Thursday, June 17, 2021, 10:00-11:00 a.m. – Dr. Maribel Álvarez will present “Sabores Sin Fronteras: Latino Culinary Arts as Restorative Justices”. Food is one of the most essential, authentic, and enduring aspects of the Latino immigrant experience —from the hands and bodies that harvest our foods, to those who cook it in thousands of restaurants across the nation, to the home kitchens where bodily nourishment often intermingles with memories, humor, faith, defiance, and “ganas” (determination). Latinos have been part of the culinary history of the United States longer than it is commonly acknowledged. In this talk, anthropologist and folklorist Dr. Maribel Alvarez centers food as a creative resource for healing and restoring Latino communities back to health, solidarity, and economic prosperity. Treating food as an act of generosity and beauty that trespasses national boundaries can open up possibilities for justice projects among inter-generational Latino communities. 

Maribel Alvarez is an anthropologist, folklorist, writer, and cultural producer and organizer. She holds the Jim Griffith Chair in Public Folklore at the Southwest Center, University of Arizona, where she also is Associate Dean for Community Engagement in the College of Social & Behavioral Sciences. She is the founder and until recently served as executive director of the Southwest Folklife Alliance, an independent nonprofit affiliated with the University of Arizona, which produces the annual Tucson Meet Yourself Folklife Festival in addition to multiple programs connecting artisanal economies, foodways, and traditional arts to community planning and neighborhood-based economic development throughout the US-Mexico border corridor. In 1989, she co-founded MACLA in San Jose, California –one of the most vibrant contemporary Latino art spaces in the United States. Maribel recently completed a 6-year term appointment as a Trustee of the American Folklife Center at the Library of Congress. She has been a Fulbright Fellow in Sonora, Mexico where she currently still carries on research with indigenous Yaqui communities around food and sovereignty. She has served as core advisor for several national philanthropic efforts, documenting the practices of art making in America in the context of changing demographics and racial justice. She has served in the faculty of the National Association of Latino Arts and Cultures’ National Leadership Institute for 17 years. In 2018 the American Folklore Society awarded her the prestigious Americo Paredes Prize for “excellence in integrating scholarship and engagement with the people and communities one studies.”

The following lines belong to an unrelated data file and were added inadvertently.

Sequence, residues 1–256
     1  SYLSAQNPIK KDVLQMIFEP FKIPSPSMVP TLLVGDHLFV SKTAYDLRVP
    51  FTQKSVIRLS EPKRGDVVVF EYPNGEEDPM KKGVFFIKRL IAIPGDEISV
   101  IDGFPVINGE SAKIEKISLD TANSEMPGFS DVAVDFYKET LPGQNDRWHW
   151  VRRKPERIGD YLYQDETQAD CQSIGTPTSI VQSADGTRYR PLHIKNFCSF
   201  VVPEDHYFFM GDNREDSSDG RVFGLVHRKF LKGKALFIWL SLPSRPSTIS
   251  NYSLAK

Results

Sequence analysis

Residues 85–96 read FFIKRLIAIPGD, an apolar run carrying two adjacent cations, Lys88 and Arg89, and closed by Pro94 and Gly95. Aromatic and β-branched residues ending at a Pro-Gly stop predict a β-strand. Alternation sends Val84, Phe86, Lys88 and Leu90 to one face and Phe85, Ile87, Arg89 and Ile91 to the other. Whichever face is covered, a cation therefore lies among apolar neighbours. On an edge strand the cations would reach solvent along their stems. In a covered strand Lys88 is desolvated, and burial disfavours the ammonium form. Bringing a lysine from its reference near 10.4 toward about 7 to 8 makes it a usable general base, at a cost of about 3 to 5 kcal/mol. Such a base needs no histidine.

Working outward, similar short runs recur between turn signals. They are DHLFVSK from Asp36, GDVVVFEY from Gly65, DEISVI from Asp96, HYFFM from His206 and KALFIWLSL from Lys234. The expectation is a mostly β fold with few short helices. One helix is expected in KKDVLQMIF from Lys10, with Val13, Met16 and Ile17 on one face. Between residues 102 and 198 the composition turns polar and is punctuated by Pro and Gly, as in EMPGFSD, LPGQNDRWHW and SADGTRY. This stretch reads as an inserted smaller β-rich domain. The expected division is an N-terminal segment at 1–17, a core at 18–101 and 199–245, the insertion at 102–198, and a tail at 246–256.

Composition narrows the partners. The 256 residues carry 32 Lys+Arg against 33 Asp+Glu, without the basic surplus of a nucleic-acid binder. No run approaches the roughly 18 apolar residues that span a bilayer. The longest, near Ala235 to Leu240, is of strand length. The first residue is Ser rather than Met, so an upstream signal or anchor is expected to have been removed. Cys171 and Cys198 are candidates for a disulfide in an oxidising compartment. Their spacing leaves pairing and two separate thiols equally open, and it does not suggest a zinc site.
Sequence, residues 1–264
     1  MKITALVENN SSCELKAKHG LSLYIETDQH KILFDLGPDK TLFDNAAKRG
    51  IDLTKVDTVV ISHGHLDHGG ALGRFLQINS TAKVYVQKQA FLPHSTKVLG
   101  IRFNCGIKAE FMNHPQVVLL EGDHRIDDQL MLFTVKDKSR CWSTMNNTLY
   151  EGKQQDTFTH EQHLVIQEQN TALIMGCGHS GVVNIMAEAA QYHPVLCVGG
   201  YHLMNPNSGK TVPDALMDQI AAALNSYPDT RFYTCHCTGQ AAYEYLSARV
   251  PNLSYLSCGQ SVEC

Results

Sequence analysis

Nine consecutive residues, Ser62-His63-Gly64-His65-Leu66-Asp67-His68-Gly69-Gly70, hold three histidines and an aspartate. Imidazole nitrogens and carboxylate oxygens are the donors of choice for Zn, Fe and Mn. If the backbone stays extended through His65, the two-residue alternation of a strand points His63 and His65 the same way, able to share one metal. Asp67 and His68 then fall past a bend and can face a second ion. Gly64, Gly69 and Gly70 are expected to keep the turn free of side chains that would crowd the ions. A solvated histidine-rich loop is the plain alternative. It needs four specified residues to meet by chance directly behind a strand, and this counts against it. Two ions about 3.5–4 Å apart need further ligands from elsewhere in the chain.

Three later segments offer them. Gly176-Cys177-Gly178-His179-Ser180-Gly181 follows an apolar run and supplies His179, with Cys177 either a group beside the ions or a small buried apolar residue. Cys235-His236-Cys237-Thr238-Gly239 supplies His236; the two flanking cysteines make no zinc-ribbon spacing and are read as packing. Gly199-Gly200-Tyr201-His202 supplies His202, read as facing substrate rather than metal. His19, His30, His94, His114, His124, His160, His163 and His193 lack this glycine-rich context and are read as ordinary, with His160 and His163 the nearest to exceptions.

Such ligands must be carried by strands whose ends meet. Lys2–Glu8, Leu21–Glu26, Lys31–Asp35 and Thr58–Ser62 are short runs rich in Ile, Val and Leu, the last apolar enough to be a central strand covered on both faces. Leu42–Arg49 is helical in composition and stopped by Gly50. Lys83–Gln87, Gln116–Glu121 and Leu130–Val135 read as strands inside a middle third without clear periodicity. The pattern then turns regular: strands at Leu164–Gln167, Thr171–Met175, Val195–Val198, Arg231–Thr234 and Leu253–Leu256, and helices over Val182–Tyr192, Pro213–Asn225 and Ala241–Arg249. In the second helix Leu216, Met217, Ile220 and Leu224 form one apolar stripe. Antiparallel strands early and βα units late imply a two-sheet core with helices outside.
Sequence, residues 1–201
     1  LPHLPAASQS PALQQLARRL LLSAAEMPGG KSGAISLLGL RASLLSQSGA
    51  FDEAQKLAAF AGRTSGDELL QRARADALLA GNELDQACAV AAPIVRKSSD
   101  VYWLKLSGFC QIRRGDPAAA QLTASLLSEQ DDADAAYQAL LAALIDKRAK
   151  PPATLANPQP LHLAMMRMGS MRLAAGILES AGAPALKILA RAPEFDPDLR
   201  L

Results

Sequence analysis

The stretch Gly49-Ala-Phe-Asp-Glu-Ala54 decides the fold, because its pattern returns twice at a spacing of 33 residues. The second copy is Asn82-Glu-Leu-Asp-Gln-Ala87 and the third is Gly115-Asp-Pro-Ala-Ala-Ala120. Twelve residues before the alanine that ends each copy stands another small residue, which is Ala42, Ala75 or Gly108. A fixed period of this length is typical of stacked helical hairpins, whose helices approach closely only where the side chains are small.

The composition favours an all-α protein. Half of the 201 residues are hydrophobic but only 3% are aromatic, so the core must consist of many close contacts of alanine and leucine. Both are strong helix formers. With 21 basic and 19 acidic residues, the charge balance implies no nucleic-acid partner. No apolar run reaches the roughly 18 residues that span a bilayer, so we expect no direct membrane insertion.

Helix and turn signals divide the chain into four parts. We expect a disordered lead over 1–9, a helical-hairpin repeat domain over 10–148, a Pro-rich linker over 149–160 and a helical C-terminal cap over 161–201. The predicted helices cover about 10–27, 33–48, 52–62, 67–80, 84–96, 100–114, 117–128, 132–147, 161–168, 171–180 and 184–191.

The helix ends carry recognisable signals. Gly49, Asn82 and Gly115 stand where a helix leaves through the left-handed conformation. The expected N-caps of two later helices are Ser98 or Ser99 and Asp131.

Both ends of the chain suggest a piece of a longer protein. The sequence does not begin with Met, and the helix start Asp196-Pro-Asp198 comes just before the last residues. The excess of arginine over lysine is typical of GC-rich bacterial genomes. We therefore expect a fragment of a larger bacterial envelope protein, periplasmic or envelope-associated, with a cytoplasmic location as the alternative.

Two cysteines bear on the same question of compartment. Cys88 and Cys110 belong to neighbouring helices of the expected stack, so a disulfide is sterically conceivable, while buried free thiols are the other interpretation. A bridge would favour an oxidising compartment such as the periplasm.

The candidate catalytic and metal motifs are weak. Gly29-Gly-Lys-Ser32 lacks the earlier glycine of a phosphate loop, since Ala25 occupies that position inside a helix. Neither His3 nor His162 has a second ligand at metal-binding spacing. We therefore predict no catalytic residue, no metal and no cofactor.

Thursday, June 17, 2021, 12:45-1:45 p.m. – Join a Conversation with Emmanuel Caudillo. Have your lunch while you listen and have a conversation with the senior advisor to the White House Hispanic Prosperity Initiative.

Emmanuel Caudillo is the senior advisor to the White House Hispanic Prosperity Initiative. Previously on detail to the initiative in 2012, he transitioned full-time in 2013.

From 2009 to 2013, he was a budget analyst at the U.S. Department of Education, overseeing the student aid administration account. He has also held research positions in various organizations, including Abt Associates and the National Council on Teacher Quality.

For his commitment to his community, Emmanuel was named 40 Under 40 from the Leadership Center for Excellence in 2015. He also was a 2017 Ricardo Salinas Scholar at the Aspen Institute and 2019-2020 Excellence in Government Fellow at the Partnership for Public Service.